I’ve been getting worried that the plants I started from seed at the beginning of this month were starting to get pot-bound. As a matter of fact, as a quick remedy, I put the pumpkin and watermelon plants in bigger individual pots during the week, until I have the time to plant them out.
Well, and when the hazy weather isn’t so bad.
It was a little bad yesterday, and I wasn’t up to being out in it then after being caught in it on Friday evening when it edged into the 200+ PSI zone. So, when it looked a bit clearer today, with passing showers included, I decided I had to make the most of the opportunity and get planting.
The plants of most concern to me were the long bean and okra plants. The latter, especially were looking quite poorly, and I was anxious to get them planted out.
As you well know, long beans need to climb, so I decided to set up a quick A-frame trellis. I had the A-ends ready a couple of weeks ago, and it was a matter of choosing where to set it up (decided on next to the dog-made swale). I also had a trellis net that I’d bought from Daiso (the gardeners’ toy store!), so I figured it would be a quick thing to set up.
As I was doing this, I suddenly realised that the spot I had chosen was where a lot of birds like to fly, and that the netting could pose a danger to them. So, I ditched the net and decided to go with another option, which is to tie one end of a string to the top bar of the trellis, and loosely tie the other end to the bean plant to hold it up, and train the growing tip around the string. Unfortunately, I was out of string today, so I poked in a few stick supports for the plants to grab onto first. With my luck, I won’t have time to do this until next weekend, so this is probably for the best. I’m pretty good at winging things where DIY is concerned – I once kept adding to a trellis setup as the plant was growing, and it worked just fine, so this should, too!
With the frame ready, I next had to get the plants – and it occurred to me that I don’t have to grow just beans there. There was a nice rectangular area at the base of the trellis, and I decided to plant the row of bean plants along the front edge, and a couple of okra plants on the outer edges of what I was now viewing as a planting bed, and completed by interspersing a couple of flowering plants that I had lying around.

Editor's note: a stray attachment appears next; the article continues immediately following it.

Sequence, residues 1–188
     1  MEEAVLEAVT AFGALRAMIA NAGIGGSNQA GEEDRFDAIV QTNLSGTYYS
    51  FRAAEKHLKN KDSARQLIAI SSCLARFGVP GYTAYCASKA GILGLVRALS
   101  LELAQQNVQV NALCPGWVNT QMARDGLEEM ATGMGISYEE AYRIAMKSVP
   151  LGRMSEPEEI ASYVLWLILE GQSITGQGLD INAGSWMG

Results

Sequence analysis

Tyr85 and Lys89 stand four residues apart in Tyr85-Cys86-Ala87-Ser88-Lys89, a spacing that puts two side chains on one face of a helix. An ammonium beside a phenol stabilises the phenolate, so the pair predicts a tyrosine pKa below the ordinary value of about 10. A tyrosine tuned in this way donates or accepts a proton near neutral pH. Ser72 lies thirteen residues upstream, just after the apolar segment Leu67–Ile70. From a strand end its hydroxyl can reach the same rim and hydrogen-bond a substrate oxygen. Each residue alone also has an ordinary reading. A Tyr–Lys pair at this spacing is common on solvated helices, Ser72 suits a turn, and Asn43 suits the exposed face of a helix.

After finishing the planting, I watered each plant well, then added a layer of mulch consisting of dried bamboo leaves that I got when my neighbour pruned his plants, then I topped that with dried flower bracts from our palm trees.
Why use the flower bracts, you may ask? Well, I’ve noticed that when they fall from the palm trees and land on the grass beneath, the grass always grows eagerly over them and benefits because the bracts are quite woody and absorb and retain moisture after it rains. It may be our local equivalent of using wood chip mulch, I guess. Also going with the wood chip mulch method, the reason I kept the bracts on the top is because they’re woody, and wood absorbs nitrogen when buried; this in turn robs the soil of nitrogen, which affects the plants. I’ll discuss this more in future posts. Anyway, this is my first experiment with them, and we’ll see how it works out.
Anyway, I’m glad I got some of the plants in their permanent homes this weekend. There’s more to do, though… there always is!